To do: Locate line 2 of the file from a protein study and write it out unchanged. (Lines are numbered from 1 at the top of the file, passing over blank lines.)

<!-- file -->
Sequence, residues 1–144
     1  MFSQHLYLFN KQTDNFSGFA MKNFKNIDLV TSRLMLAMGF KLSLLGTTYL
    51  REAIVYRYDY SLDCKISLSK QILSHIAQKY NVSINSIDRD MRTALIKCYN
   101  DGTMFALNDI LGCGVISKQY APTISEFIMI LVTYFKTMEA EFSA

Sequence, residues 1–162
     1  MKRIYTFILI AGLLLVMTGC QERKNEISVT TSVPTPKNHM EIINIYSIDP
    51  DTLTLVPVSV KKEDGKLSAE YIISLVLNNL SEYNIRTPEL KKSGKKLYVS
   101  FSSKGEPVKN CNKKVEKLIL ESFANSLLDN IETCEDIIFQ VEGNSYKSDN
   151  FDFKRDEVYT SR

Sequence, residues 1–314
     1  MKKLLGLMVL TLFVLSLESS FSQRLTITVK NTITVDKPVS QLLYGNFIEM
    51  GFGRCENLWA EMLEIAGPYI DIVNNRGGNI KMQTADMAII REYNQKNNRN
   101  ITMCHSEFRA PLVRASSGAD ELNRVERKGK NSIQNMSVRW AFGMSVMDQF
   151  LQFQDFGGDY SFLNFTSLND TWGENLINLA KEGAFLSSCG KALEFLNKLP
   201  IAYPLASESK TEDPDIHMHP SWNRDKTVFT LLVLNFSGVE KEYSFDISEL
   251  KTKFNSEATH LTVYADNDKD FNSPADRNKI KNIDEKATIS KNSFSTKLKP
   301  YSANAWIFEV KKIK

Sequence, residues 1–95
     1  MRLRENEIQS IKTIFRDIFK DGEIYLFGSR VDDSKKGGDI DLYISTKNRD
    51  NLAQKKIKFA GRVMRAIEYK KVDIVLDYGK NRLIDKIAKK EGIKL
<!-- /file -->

     1  MFSQHLYLFN KQTDNFSGFA MKNFKNIDLV TSRLMLAMGF KLSLLGTTYL